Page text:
When did you decide to incorporate Bikram Yoga into your training as an ultra marathon runner, and why?
I fully incorporated Bikram Yoga into my training in December of 2010 thanks to its tremendous benefits, which happen to be the very things one needs to be a better runner: focus and letting go, discipline and perseverance, stretching and strengthening. Since merging Bikram Yoga and ultra running I’ve won every 100-mile race I’ve participated in, won the Calgary Marathon and finished second at the 2011 World Ultra Trail Running Championships.
How does Bikram Yoga fit into your training these days?
Each week I run over 145 miles and do three to seven Bikram Yoga classes. While there is rarely a class that I don’t also run to and from, I often go off of “feel,” fitting in whatever is best for that day. I also take my development as a runner into account, as well as certain physical and mental aspects I feel that I need to focus on in preparation for my next race.
Has Bikram Yoga made you a stronger runner?
Actually, Bikram Yoga has made me a better man all around. To me it’s almost as if the two are no longer separate or different … but if I had to name the improvements specifically, they would revolve around increased efficiency in my body, my mind and even my soul. For me, the spiritual power of embracing my breathing and letting go of my thoughts ties directly into my potential as a runner.
Any tips for runners who want to incorporate Bikram Yoga into their training?
Whether you want to run casually or your goal is to race more seriously, you may feel that your development as a runner are limited; happily, incorporating Bikram Yoga into your training can push your potential much, much further. The most important thing is to remain “open.” As an athlete, if there is too much trying or effort taking the place of technique or true focus, you close the door on reaching your true potential.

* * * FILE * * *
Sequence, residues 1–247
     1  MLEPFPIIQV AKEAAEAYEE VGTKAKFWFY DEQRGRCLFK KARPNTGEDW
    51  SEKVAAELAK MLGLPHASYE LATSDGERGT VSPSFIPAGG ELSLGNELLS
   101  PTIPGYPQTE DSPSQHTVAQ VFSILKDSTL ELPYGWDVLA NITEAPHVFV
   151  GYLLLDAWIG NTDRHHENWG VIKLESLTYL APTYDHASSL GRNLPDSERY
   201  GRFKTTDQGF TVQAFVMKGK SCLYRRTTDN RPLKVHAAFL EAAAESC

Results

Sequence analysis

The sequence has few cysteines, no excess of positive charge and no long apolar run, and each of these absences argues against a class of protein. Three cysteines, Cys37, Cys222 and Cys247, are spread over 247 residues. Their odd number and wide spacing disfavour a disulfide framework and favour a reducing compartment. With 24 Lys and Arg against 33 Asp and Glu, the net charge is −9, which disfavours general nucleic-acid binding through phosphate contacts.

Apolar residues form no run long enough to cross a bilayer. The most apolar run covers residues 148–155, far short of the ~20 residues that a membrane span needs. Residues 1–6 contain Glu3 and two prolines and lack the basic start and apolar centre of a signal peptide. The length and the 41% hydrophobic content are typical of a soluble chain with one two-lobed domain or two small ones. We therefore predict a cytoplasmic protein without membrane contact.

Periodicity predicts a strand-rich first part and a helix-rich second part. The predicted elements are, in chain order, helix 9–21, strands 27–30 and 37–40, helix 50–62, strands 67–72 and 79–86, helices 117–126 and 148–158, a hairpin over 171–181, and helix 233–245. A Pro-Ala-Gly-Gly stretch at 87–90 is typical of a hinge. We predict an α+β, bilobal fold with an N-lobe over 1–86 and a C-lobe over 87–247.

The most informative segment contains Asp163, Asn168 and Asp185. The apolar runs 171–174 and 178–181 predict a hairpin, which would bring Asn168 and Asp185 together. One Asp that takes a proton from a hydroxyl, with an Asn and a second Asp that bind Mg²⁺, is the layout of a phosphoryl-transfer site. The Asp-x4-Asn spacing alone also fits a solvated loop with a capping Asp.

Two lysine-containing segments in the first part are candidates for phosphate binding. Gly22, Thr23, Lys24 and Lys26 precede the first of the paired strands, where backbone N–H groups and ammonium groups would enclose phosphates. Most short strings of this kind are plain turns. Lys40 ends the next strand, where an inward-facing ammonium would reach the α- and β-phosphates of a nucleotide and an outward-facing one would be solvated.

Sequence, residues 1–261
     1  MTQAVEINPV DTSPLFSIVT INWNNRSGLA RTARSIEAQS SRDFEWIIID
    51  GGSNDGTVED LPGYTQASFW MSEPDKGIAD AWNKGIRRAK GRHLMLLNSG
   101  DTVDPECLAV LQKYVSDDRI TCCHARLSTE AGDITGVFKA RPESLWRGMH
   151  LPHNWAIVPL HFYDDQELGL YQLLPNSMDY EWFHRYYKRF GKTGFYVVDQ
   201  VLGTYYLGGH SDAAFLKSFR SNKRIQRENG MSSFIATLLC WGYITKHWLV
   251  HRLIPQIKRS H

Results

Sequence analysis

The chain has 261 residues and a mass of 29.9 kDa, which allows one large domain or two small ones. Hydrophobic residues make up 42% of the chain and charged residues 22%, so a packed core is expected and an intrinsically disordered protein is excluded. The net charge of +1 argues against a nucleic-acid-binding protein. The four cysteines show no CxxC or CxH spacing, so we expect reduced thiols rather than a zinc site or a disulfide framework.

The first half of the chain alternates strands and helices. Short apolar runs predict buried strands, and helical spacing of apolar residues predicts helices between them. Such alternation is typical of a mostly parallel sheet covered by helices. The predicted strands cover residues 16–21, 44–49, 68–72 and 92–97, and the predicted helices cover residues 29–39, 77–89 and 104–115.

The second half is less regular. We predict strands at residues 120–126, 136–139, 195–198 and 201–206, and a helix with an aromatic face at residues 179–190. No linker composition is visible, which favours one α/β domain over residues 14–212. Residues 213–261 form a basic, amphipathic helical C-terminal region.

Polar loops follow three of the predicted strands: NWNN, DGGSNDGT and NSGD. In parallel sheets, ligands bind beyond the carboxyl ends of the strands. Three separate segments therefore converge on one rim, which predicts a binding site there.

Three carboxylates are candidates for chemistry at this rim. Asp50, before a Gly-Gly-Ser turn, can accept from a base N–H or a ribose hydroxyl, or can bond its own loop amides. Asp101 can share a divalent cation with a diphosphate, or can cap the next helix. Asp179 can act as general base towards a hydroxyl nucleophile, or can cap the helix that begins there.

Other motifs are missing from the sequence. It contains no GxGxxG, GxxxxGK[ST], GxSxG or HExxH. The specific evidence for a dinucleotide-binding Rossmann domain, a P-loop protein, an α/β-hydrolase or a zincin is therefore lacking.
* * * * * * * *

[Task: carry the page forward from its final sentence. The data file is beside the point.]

Having said that, I can tell you that I am now at a point where I can do a long run (over five hours) immediately after I practise. I can even run to and from back-to-back yoga sessions. But it was really important for me to build up to this point.
Like any aspect of training, Bikram Yoga must be integrated into your training in a balanced way – if you want to successfully unleash its full potential. How do you that? The following tips worked for me, and I hope they can do the same for you!
Tips on Bikram Yoga for Runners
Start by separating your yoga from your running, in order to allow your body to adapt. Keep it simple: try one day of running followed by a day of yoga. Once you’re sure that your body is OK with the mix, start to shorten the gap between the two activities or change the intensity/time or type of your running. For example: do a week of run, rest, yoga, rest; then a week of run, yoga, rest; then a week of run, yoga, run, rest; etc.
The effort put into your Bikram Yoga practice should always be the same – only your focus should intensify. The key for success is to “simply focus and focus simply.” Don’t do any extra movements between the postures, go in and out of each posture with as much intent and concentration as when you are holding the poses, breathe deeply in and out through your nose and, above all else, hold Savasana (its power is beyond thinking). The intensity of your running in combination with your yoga can be improved by adapting the different aspects of time and type.
Start with only easy running while adding Bikram Yoga, then advance to closing the gap between the two activities. Time mostly relates to lengthening your running sessions in relation to how soon after (or before) you practise Bikram Yoga. Build up and back off as needed, or as your body demands.
Once that’s done, go back to separating the two activities, adding in “quality” training sessions such as a tempo run done at your lactate threshold or around 80% of your maximum heart rate. Then do both yoga and running on the same day with both at an easy effort. Then the final level is making that running a quality session.
Categorised in: Yoga for Athletes